The national media and national leaders continue to refer to the terrible event in Newtown, Connecticut as tragic. Tragedies consist of humans who play a role in their suffering. The Greeks taught us that. Suffering by the innocent is pathetic. Theologian Reinhold Niebuhr opens The Irony of American History (1952) with this distinction, writing “Pathos arises from…confusions in history for which no reason can be given, or guilt ascribed.” With this in mind, the deaths of 20 children and six adults at Sandy Hook Elementary School are pathetic, not tragic.
The actual tragedy of Newtown, like all of our pathetic school, movie theater, and workplace shootings of recent decades, is that it reflects America’s careless gun laws and the careless words that surround them. The outrageous notion that “guns don’t kill people; people kill people” exemplifies this carelessness. Of course, guns kill—what else are they designed for?—and they kill people. If James Holmes in Colorado, Jacob Roberts in Oregon, and Adam Lanza in Connecticut had no gun in hand, they would not have been able to kill with such ease.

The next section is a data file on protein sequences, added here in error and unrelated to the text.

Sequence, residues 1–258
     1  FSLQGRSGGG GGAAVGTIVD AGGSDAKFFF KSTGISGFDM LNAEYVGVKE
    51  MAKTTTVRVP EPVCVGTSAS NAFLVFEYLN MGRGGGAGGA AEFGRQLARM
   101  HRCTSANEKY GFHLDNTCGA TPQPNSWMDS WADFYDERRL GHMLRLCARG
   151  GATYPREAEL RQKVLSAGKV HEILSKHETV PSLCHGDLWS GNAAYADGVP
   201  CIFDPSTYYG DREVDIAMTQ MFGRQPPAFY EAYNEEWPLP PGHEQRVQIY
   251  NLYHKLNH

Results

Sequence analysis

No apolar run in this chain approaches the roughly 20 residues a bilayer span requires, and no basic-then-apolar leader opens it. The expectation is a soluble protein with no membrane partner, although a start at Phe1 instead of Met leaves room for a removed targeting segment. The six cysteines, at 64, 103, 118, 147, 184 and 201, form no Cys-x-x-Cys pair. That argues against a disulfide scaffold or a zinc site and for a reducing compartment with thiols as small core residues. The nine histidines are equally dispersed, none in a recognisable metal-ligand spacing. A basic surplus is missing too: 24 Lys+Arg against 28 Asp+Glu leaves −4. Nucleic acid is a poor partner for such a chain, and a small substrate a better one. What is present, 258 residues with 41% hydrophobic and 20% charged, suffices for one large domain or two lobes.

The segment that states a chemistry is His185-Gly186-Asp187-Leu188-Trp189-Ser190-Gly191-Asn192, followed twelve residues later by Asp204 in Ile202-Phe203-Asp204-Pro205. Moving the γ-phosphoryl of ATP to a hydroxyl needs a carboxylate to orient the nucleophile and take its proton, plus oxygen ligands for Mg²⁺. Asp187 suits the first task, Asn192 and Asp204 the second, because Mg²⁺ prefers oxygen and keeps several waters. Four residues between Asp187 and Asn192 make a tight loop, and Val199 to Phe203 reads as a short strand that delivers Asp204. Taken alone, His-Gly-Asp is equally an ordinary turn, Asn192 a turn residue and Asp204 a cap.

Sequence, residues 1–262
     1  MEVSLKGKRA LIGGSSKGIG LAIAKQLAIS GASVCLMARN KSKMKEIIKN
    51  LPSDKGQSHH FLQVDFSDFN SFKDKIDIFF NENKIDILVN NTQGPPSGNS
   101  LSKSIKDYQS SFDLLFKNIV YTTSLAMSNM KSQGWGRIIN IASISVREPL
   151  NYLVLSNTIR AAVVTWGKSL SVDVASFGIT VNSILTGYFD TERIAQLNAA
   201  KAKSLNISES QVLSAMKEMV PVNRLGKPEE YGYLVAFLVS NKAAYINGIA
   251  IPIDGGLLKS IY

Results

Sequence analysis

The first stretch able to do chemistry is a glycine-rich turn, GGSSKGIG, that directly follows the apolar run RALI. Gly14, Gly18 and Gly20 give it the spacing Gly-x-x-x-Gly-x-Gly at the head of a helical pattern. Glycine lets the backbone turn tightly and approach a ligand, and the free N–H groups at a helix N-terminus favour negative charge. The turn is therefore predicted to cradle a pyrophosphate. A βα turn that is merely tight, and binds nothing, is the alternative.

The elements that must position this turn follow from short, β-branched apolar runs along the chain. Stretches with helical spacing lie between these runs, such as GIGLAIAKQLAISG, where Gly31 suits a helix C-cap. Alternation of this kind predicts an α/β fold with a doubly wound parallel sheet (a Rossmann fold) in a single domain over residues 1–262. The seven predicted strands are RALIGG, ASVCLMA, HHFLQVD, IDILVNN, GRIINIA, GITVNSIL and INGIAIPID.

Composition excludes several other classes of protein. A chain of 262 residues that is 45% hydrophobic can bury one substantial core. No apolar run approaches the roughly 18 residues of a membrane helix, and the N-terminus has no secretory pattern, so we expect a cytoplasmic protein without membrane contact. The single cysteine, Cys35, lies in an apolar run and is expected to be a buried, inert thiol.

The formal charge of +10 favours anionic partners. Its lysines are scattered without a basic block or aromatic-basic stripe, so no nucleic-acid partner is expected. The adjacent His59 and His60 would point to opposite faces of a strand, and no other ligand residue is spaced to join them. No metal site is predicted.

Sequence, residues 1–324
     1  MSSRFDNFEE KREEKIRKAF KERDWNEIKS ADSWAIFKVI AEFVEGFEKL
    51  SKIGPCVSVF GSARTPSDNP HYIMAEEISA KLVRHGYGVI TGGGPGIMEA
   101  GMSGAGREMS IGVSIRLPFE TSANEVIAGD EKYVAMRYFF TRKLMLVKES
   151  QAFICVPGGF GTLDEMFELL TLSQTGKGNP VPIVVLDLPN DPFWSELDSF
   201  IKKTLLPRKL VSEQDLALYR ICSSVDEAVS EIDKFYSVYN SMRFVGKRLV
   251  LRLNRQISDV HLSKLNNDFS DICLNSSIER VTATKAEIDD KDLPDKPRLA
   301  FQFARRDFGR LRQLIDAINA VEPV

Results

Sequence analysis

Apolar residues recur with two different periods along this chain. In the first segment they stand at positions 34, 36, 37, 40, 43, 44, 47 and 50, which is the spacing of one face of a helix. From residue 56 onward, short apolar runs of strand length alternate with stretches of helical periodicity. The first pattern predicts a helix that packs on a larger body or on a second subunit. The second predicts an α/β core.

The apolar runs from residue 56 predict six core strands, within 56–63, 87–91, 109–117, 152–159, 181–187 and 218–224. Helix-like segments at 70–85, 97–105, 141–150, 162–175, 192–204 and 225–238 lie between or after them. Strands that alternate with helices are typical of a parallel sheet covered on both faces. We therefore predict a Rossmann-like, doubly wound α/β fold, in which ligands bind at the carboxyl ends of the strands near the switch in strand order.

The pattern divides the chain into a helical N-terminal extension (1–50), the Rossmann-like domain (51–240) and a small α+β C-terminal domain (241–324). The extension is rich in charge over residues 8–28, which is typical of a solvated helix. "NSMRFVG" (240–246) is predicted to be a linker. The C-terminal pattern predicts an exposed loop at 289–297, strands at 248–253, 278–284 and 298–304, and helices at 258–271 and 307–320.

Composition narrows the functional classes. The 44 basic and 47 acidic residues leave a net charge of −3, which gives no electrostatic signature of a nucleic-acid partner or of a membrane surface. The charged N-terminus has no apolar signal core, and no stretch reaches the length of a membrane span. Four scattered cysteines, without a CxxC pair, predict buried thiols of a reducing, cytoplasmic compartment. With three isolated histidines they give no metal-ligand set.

Such a careless attitude receives support from the National Rifle Association. Ironically, however, the NRA’s executive vice president and CEO Wayne LaPierre tacitly admits the inherent danger of guns in a November 27 blog post. He cites a study correlating the decrease in violent gun crime to increased gun ownership in Virginia. For LaPierre, the mere presence of guns owned by lawful citizens poses a threat to gun-toting criminals. Ultimately, the question of how guns and people interact to kill masks a deeper absurdity of the pro-gun lobby. LaPierre and the NRA offer only a tragic choice. Guns solve the problem of guns.
Newtown has momentarily silenced this argument. The NRA’s defense of guns at all costs is, oh, so costly. Yet their silence speaks loudly. Throughout history, those unwilling to speak against heart-wrenching, pathetic violence bear a tragic moral culpability.
Andrew Finstuen is director of the Honors College and associate professor of history at Boise State University, where he teaches courses in modern American history, the history of American Christianity, and the history of genocide and mass killing.